Zimbabwe is a sad example of what happens in a country during the last throes of manic despotism: unimaginable inflation, hunger, the breakdown of public services, contaminated water, and − inevitably − cholera. The whole situation is simply beyond belief. The BBC News site has several pages on the country’s cholera epidemic − for example, Charity warns on Zimbabwe cholera. The 12 December issue of the WHO Weekly Epidemiological Record reports the cholera mortality and morbidity figures given by the Zimbabwean Ministry of Health, which are likely to be gross underestimates. Rather more realistic figures, as of 19 December, are given in WHO’s Global Task Force on Cholera Control short report Cholera Country Profile: Zimbabwe.
No chance, then, of a Happy New Year in Zimbabwe. Things might improve in April/May if (when) Jacob Zuma becomes president of South Africa − as a Zulu he will hopefully remember the Ndebele massacres in the 1980s and simply say to Mugabe ‘leave office now or in come my Zulu regiments’. Unfortunately for many (probably most) Zimbabweans the water will stay contaminated until Mugabe goes and the cholera will continue, reinforcing the view (here) that Africa has become the new homeland for this disease.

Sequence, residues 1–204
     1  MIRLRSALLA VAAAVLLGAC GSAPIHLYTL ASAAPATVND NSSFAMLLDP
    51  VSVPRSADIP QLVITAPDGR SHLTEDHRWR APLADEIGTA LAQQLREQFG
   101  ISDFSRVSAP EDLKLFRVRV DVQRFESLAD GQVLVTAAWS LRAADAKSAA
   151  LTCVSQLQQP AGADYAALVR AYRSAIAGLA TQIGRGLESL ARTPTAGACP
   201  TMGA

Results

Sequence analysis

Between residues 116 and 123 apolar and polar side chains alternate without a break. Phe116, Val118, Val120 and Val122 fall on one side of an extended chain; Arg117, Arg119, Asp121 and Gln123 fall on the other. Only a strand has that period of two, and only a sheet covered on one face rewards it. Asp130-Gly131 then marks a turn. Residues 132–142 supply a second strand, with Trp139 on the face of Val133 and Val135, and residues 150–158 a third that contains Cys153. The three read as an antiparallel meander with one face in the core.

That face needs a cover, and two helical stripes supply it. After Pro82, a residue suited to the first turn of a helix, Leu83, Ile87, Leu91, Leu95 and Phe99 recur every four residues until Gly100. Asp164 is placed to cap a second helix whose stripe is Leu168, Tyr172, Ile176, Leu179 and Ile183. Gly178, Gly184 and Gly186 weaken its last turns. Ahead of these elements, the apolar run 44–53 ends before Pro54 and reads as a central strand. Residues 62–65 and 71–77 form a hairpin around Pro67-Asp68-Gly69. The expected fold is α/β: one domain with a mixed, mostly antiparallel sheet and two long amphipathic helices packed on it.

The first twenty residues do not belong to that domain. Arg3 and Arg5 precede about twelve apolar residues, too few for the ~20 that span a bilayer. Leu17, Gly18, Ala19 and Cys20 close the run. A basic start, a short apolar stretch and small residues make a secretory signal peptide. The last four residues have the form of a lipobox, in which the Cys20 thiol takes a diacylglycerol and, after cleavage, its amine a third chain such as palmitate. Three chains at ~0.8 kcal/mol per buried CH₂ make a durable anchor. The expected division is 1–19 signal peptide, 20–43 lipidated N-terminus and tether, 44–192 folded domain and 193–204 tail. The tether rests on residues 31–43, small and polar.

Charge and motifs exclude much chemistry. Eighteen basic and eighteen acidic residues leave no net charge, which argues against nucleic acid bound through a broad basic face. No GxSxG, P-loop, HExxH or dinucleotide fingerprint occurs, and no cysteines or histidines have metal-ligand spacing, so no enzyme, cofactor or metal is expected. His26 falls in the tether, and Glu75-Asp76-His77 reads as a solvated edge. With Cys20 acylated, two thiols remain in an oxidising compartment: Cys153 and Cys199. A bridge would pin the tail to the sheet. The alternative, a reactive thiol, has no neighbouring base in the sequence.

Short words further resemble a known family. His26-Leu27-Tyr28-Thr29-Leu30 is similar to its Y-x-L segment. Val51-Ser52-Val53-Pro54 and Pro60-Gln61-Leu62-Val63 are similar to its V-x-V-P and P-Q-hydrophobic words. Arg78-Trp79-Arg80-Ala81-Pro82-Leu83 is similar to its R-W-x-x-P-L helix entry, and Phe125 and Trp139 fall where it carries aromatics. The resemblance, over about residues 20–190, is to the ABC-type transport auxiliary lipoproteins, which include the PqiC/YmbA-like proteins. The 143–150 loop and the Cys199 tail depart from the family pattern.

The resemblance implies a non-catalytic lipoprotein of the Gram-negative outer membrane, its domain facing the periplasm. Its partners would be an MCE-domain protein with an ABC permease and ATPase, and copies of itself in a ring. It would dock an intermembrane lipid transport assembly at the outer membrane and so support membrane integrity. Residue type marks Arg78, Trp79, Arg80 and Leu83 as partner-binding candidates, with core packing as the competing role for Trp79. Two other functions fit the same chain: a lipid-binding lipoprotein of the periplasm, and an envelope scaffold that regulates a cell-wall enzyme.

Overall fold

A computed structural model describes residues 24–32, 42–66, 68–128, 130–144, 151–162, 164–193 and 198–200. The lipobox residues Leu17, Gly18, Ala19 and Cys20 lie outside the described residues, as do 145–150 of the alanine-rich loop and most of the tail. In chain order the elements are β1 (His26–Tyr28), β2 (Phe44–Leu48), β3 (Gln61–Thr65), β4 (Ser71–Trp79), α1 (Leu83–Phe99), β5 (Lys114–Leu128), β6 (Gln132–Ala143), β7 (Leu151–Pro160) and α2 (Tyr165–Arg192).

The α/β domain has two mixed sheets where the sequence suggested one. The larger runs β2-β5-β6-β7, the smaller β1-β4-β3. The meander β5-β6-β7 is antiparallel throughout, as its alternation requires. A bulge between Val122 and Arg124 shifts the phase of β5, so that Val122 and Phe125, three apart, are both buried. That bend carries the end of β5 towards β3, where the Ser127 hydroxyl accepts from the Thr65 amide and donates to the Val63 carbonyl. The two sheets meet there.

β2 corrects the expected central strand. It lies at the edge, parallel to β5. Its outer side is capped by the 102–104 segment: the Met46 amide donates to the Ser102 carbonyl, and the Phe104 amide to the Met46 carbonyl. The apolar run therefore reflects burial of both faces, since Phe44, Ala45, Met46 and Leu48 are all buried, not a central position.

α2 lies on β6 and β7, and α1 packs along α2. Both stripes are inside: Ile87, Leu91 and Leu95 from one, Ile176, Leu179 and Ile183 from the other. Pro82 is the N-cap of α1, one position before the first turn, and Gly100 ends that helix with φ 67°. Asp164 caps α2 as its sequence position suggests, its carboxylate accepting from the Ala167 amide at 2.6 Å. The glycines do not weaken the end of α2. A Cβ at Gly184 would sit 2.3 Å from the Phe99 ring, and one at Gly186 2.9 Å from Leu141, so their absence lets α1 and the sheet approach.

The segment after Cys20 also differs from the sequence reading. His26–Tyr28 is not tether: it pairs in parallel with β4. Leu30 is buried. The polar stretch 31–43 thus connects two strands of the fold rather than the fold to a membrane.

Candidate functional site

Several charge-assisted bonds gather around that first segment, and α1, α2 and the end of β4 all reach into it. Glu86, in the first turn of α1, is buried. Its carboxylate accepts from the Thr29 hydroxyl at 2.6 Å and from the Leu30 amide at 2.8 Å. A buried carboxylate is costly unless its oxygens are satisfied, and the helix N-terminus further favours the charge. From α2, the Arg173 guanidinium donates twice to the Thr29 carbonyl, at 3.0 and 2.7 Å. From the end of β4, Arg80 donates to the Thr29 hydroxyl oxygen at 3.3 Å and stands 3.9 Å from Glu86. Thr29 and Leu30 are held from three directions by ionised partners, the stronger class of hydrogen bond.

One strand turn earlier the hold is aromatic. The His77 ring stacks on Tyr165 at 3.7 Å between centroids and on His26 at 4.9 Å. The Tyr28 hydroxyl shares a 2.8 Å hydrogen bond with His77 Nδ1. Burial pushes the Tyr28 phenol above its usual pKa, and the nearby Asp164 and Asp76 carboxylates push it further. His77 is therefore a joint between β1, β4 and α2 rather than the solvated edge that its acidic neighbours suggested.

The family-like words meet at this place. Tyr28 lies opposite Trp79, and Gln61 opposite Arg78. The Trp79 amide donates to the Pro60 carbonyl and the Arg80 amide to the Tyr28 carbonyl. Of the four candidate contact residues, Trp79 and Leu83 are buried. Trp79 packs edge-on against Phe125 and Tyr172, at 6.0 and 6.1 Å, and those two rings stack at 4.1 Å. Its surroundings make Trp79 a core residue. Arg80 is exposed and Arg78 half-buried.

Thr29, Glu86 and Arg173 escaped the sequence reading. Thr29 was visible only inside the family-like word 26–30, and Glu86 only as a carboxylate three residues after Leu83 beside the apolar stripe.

Of course, we’ve known since 1854 that cholera can be transmitted through “the medium of polluted water” (and water gets polluted due to poor sanitation and hygiene), but we need to remember this historical lesson − as Robert Jacob Goodkin said, “Look to the past for guidance into the future”.